Presentation information


IAG Symposia » G07. Global Geodetic Observing System (GGOS) and Earth monitoring services

[G07-2] GGOS focus on reference frames

Thu. Aug 3, 2017 4:30 PM - 6:00 PM Room 502 (Kobe International Conference Center 5F, Room 502)

Chairs: Detlef Angermann (Technical University of Munich) , Richard Gross (Jet Propulsion Laboratory, California Institute of Technology)

5:30 PM - 5:45 PM

[G07-2-05] Effective expansion of satellite laser ranging network for improving geodetic products and satellite orbits

Toshimichi Otsubo1, Koji Matsuo2, Yuichi Aoyama3, Keiko Yamamoto4, Thomas Hobiger5, Toshihiro Kubo-oka6, Mamoru Sekido6, Urs Hugentobler7, Rolf Koenig8 (1.Hitotsubashi University, Kunitachi, Japan, 2.Geospatial Information Authority of Japan, Tsukuba, Japan, 3.National Institute of Polar Research, Tachikawa, Japan, 4.National Astronomical Observatory of Japan, Mitaka, Japan, 5.Chalmers University of Technology, Gothenburg, Sweden, 6.National Institute of Information and Communications Technology, Kashima, Japan, 7.Technical University of Munich, Munich, Germany, 8.Deutsches GeoForschungsZentrum, Wessling, Germany)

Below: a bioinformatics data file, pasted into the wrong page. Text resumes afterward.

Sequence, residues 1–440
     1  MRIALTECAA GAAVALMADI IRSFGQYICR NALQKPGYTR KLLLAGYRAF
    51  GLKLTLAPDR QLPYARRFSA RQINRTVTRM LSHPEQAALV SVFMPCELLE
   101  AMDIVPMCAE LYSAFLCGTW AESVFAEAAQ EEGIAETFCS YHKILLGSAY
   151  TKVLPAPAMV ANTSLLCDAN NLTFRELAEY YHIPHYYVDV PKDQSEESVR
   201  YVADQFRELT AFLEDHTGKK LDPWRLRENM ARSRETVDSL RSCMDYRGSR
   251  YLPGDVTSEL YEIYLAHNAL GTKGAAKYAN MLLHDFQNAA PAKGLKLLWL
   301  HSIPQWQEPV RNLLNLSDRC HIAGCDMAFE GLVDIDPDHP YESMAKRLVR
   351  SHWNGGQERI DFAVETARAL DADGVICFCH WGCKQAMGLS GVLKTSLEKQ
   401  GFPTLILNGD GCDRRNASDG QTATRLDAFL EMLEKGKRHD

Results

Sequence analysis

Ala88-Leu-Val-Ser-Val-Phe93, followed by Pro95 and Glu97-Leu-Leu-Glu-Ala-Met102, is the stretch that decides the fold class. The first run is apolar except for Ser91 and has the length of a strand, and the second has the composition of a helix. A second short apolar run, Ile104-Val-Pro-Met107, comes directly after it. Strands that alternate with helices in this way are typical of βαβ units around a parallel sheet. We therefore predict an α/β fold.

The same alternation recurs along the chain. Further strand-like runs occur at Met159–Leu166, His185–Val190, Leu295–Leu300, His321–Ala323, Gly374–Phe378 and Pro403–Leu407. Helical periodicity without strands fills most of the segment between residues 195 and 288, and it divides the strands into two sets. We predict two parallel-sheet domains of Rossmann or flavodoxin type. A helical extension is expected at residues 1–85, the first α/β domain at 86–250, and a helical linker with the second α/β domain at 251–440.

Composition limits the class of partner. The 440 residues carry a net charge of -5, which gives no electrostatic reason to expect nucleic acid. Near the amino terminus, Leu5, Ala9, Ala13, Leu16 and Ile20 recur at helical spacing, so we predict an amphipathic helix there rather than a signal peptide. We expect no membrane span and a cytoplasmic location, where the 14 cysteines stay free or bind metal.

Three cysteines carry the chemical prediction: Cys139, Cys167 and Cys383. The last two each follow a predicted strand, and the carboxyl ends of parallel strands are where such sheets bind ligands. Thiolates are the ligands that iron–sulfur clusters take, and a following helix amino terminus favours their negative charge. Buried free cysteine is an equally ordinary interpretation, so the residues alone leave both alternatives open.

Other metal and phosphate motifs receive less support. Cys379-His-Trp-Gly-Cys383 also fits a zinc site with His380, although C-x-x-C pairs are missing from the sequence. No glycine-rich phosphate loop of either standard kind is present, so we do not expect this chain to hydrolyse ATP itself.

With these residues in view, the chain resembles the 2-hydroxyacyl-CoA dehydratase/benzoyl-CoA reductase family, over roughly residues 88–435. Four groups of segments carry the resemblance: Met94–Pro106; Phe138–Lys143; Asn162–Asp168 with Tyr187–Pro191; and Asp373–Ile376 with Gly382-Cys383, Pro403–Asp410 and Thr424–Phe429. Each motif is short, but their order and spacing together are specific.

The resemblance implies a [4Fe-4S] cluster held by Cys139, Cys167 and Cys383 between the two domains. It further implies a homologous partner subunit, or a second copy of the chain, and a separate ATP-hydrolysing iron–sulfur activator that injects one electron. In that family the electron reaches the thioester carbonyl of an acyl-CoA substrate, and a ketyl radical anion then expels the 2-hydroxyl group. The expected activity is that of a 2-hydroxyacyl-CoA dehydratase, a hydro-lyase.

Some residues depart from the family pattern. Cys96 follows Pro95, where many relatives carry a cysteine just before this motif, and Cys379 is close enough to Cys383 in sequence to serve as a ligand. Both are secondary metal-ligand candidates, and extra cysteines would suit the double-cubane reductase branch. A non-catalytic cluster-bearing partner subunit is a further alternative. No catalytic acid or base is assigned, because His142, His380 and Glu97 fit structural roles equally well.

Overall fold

About 35 satellite laser ranging stations are being operational all over the world but huge regions on the globe are not covered. We assume a new station is going to be added to the existing station network and therefore we like to evaluate the effectiveness of each location. Realistic numbers of observations for a new station are numerically simulated, based on the actual data acquisition statistics of the existing stations. Multiple-satellite-combined orbit determination is then conducted with and without a new station, and the estimated errors are investigated.

A new station placed in the Southern hemisphere is found to be effective in general. It is revealed that the most effective place differs according to the geodetic parameter. The X and Y components of the geocenter and the sectoral terms of the Earth's gravity field are largely improved by a station in the polar regions. A middle latitude station best contributes to the tesseral gravity terms, and, to a lesser extent, a low latitude station best performs for the Z component of the geocenter and the zonal gravity terms. With the existing stations the quality of satellite orbits is found to be relatively poor in the Southern hemisphere, but a new high latitude station in Antarctica enhances locally the accuracies so they behave close to uniform over one orbit.